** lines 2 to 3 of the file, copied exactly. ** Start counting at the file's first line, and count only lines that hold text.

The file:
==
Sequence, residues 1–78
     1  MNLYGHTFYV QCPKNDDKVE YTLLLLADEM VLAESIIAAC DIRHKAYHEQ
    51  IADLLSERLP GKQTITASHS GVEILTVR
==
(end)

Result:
     1  MNLYGHTFYV QCPKNDDKVE YTLLLLADEM VLAESIIAAC DIRHKAYHEQ
    51  IADLLSERLP GKQTITASHS GVEILTVR